Probate FAQ

 

What is Probate?

Probate is the legal recognition, through a court order, of the validity of a Will. It confirms the authority of the executor to manage the deceased’s estate and dispose of property as the Will set out.

How long does Probate take?

After swearing the oath, you will receive the grant of Probate within 10 working days.

Where do I find a copy of the Will?

If the will is not found in the deceased person’s property (for example in a filing cabinet), it may be held by his or her solicitor, bank, a company which stores wills or the London Probate Department.

How do I know the Will is valid?

The Probate Registry office will tell you if the Will is valid or not, and why. There are lots of reasons why a Will can be invalid, for example if it is not witnessed and signed properly, if the testator did not have testamentary capacity (they were not of sound mind when the will was made).

I am named as an executor – what do I need to do?

You will need to find out if the death has been registered and if a death certificate has been issued. The probate forms need to be filled out, inheritance tax calculated and the paperwork as described above gathered. You should also check on the deceased’s property to ensure it is being taken care of and secured. The property needs to be valued and all interested parties need to be contacted – for example banks who the deceased had accounts with. Inheritance tax needs to be paid. Once Probate is granted, contact all interested parties to inform them you are authorised to deal with the deceased’s property. You need to find out if the deceased owned any debts or owed any tax (HM Revenue & Customs can tell you this). You will need to apply for a Clearance Certificate which will certify that any inheritance tax owed has been paid. Find out whether anyone has made a claim under the Inheritance (Provision for Family and Dependants) Act 1975, as this may affect the dispositions of property to beneficiaries. You can then distribute the property from the estate and its residue. R185 forms need to be given to residual beneficiaries. When all of the estate dispositions have settled, you can close the deceased’s accounts.

What happens to debts owed by the deceased?

Find out whether debts were joint (for example, if the deceased was a joint tenant in a property with his or her spouse) or in the deceased’s sole name. Liability for joint debt may pass to the other debtor. You need to inform any creditors of the deceased’s death. The deceased may have had any insurance which will cover debts. You can protect yourself from a surprise creditor by advertising for creditors before applying for Probate. The debts must be listed on the application. When Probate is granted, you need to organise paying any debts before you can distribute the remainder of the estate among the beneficiaries. Secured debts such as a mortgage must be paid first, followed by funeral costs, then unsecured debts such as credit cards and bills. The beneficiaries of the estate will receive what is left after debts have been paid. If the value of the estate is not sufficient to cover the debts, the estate is insolvent.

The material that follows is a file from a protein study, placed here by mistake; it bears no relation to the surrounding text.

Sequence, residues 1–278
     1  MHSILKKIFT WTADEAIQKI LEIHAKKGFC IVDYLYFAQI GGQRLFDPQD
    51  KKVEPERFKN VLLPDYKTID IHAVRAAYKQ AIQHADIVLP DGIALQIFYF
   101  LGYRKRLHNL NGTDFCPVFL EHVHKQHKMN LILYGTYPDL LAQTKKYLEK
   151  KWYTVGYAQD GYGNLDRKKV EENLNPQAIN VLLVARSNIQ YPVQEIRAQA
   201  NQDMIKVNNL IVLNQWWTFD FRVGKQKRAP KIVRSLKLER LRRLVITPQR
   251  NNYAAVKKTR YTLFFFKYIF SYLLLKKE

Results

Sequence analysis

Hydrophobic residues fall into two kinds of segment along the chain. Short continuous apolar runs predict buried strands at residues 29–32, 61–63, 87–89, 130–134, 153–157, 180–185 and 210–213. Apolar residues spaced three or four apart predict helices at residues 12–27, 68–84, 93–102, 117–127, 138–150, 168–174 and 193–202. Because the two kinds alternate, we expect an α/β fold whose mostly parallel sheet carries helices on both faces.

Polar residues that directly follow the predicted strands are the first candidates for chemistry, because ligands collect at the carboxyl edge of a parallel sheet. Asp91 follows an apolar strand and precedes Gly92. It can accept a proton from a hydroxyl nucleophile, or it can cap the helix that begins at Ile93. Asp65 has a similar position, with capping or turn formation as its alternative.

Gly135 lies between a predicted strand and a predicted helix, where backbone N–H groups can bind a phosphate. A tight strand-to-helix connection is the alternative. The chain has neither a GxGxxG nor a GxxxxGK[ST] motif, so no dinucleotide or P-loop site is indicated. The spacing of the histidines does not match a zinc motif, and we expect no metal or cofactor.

When do I need to pay inheritance tax?

Inheritance tax needs to be paid within 6 months of the deceased’s death. You can be charged interest on a late payment. You need to pay some of the inheritance tax bill before Probate will be granted. You will be told if there is more to pay afterwards.

Who can contest a Will?

A will might be contested by someone who seeks a declaration that the will is invalid and that the rule of intestacy should apply, or someone who was “maintained by the deceased” (i.e. financially dependent on him or her) and this was not provided for in the will, or someone who was promised something by the deceased while he or she was alive and the will did not provide for this, or someone who believes the deceased did not have testamentary capacity when making the will, or someone who believes the deceased was under undue influence when he or she made the will. There is no requirement that the person contesting is a family member.

As an executor, can I be sued?

Yes. As an executor you are liable to any beneficiaries who do not benefit from the will as a result of your mistakes, any creditors who are not repaid as a result of your mistakes (unless the estate is insolvent), fines or interest charged to the estate by HM Revenue & Customs, funeral expenses (if the value of the estate does not cover them), taxes charged as a result of your mistakes and making incorrect dispositions to beneficiaries which cause loss to them and others. Liability is extensive so it can be useful to obtain executor liability insurance or legal advice.